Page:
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Equine Zoopharmacognosy/Self Selection

Horses living a natural/wild life will spend a lot of time foraging for the plants, minerals, etc. that they need to maintain their health or to regain full health after an illness.

Through domestication we have taken this ability away from our horses, many who now live life in small paddocks with no access to hedgerows or various areas to forage. This can in part be rectified by taking our horses for walks and allowing them the time to forage through hedgerows, verges, etc. where there is much more variety than is available to them in their paddocks.

We can also help our horses with this natural and important behaviour by offering them various herbs to self-select from. I have don’t this for several years with Jess and Doug but, more recently I have been doing it with Trooper.

Trooper came down with a very bad case of laminitis very quickly meaning I wanted to give him the best chance possible of a full recovery. Offering herbs to Trooper was in no way a substitute for veterinary care, they were offered alongside following all of guidance from both my vet and farrier.

For the laminitis I got a specific selection of herbs which had been put together for qualities in aiding the healing process these herbs included;

  • Clivers (Galium aparine) – Clivers support and tone the lymphatics, help to maintain a health urinary system and are silica rich so are good for improving hoof and coat quality.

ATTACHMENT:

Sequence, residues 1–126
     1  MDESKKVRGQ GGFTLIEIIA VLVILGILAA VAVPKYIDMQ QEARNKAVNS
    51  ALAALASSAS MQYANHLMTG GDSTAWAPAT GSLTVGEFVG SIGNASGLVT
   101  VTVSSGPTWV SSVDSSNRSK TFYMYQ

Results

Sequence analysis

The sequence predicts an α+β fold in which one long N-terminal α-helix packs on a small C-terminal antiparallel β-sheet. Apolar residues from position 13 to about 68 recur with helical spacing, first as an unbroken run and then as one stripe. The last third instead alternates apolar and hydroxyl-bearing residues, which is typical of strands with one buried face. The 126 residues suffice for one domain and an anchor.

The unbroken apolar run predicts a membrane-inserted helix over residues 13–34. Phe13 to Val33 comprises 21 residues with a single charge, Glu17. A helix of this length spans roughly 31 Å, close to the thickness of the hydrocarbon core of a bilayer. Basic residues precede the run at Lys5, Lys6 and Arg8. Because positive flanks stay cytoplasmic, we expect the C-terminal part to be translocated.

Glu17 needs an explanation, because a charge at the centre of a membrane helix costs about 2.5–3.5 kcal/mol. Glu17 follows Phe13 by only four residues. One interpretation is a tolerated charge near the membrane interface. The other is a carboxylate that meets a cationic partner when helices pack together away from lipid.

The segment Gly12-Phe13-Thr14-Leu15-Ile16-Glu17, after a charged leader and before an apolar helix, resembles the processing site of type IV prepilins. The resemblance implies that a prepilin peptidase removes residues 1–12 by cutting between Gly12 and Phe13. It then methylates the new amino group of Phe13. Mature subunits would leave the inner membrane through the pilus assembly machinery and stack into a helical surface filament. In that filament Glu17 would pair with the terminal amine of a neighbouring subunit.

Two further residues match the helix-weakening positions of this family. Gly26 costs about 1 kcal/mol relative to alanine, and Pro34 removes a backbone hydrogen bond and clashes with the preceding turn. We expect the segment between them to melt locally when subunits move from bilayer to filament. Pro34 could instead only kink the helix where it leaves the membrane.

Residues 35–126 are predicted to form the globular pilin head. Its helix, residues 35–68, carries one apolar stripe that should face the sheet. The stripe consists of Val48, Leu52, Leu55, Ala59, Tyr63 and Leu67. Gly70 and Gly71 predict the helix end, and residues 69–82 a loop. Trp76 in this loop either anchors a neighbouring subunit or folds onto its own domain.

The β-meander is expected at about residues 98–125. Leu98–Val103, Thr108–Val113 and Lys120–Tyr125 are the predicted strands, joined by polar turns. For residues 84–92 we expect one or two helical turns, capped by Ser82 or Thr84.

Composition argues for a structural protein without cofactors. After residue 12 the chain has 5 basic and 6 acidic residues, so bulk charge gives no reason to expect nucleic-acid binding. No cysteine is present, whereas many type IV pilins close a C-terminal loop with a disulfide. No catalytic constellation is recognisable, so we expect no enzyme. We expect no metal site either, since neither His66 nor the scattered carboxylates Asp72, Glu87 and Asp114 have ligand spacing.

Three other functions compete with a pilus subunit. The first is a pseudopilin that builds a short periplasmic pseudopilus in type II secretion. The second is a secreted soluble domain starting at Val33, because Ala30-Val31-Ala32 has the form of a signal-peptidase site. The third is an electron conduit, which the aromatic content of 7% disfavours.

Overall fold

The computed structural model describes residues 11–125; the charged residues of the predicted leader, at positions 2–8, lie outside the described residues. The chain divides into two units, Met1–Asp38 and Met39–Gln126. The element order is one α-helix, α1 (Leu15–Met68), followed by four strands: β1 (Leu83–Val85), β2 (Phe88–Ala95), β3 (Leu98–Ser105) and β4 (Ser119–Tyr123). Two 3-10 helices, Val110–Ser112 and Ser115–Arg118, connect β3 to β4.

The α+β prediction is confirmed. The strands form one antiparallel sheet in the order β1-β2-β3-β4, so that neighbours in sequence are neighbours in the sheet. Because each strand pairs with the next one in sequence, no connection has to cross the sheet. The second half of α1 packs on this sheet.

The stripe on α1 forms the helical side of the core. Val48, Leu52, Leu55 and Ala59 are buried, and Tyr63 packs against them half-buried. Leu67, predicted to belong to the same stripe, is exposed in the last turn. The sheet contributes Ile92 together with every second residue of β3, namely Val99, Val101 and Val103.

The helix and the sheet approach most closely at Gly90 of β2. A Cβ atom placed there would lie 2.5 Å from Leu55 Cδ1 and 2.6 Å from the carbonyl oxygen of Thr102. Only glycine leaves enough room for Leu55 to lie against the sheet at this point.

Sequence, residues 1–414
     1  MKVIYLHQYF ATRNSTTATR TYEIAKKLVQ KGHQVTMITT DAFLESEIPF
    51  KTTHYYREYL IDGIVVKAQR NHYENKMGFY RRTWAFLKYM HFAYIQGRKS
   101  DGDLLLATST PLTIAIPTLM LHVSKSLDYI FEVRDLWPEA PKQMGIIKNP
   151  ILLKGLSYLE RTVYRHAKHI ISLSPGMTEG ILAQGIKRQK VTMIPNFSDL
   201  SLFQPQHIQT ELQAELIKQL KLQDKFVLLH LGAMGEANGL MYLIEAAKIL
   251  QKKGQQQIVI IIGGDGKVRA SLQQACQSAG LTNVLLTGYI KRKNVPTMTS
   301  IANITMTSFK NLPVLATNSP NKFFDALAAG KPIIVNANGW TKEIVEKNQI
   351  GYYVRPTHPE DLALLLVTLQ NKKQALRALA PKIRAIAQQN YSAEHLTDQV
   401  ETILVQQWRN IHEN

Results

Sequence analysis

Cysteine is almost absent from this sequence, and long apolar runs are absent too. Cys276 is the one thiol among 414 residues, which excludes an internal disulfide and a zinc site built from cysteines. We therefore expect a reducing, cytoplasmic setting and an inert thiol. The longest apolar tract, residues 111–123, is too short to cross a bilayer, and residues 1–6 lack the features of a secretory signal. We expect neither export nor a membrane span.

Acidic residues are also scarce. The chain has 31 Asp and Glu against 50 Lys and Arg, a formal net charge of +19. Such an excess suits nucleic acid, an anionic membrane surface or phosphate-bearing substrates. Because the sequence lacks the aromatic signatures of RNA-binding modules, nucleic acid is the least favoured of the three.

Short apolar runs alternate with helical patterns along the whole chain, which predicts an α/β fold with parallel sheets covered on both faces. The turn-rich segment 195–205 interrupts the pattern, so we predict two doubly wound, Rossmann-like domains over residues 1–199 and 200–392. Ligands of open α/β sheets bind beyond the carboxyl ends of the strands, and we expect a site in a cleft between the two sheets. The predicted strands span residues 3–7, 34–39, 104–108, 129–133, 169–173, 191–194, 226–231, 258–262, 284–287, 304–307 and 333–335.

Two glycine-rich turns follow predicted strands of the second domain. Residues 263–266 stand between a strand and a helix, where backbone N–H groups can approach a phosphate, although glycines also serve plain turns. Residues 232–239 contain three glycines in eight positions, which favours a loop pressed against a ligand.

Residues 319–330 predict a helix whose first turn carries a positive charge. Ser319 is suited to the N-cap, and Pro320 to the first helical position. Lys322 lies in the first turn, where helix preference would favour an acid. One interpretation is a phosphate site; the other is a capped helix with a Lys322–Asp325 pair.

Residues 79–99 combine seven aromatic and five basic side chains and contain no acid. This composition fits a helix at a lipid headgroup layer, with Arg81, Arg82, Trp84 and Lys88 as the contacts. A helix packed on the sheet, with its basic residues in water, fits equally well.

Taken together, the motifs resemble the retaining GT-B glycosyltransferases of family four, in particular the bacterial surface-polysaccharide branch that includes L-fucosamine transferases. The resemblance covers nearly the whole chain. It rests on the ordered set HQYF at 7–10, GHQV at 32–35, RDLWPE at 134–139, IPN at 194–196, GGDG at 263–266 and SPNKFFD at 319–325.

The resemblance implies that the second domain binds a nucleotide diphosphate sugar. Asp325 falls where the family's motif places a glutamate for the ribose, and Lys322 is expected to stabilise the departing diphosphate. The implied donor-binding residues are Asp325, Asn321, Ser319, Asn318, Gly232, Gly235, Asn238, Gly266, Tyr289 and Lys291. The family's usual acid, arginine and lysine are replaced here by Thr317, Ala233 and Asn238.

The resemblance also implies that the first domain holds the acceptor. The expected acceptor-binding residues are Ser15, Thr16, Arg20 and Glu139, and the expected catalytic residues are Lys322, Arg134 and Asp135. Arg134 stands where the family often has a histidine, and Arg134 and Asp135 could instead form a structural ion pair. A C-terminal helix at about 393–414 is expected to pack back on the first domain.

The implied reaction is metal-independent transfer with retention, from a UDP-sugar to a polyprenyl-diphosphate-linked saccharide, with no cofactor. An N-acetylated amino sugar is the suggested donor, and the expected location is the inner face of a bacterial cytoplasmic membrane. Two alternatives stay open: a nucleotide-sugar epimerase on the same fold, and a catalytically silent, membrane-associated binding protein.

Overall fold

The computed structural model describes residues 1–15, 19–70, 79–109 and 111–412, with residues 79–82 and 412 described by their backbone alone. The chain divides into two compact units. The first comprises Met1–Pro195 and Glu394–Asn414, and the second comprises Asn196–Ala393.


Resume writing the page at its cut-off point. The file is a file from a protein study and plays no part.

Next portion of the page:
• Comfrey (Symphytum officinale) – Comfrey aids the breakdown of red blood cells in bruising, aids mobility, soothes the digestive tract, helps with the health of cartilage, soft connective tissue and bone and also helps maintain a healthy respiratory system.

  • Devils claw (Harpogophytum procumbens) – Devils claw helps with pain and inflammation, aids mobility, helps with joint stiffness and encourages appetite.

  • Nettle leaf (Urtica dioica) – Nettle leaf is a good spring tonic and blood cleanser, supports circulation, is good for joints and are rich in iron.

  • Hawthorn (Crataegus oxyacantha) – Hawthorn is very beneficial to heart rate, blood flow and blood pressure and also aids mobility.

Trooper was offered each herb separately twice a day, once in the morning and once in the evening. Each morning he would take each herb but leave the devils claw and each evening he would take all five of the herbs suggesting to me that his discomfort/pain was slightly lower in the mornings after being alone overnight and slightly raised in the evening after having Douglas to play with during the day.

Thankfully Trooper has greatly improved since his attack and is now back to his cheeky self. I can’t say that this is totally down to the herbs, as I said previously the herbs were offered alongside veterinary and farrier care. Although I do believe that the herbs helped in his speedy recovery.

I buy all of my herbs from Maxine who runs natural equine has a wealth of knowledge and experience and is always happy to help with your horse’s individual needs.

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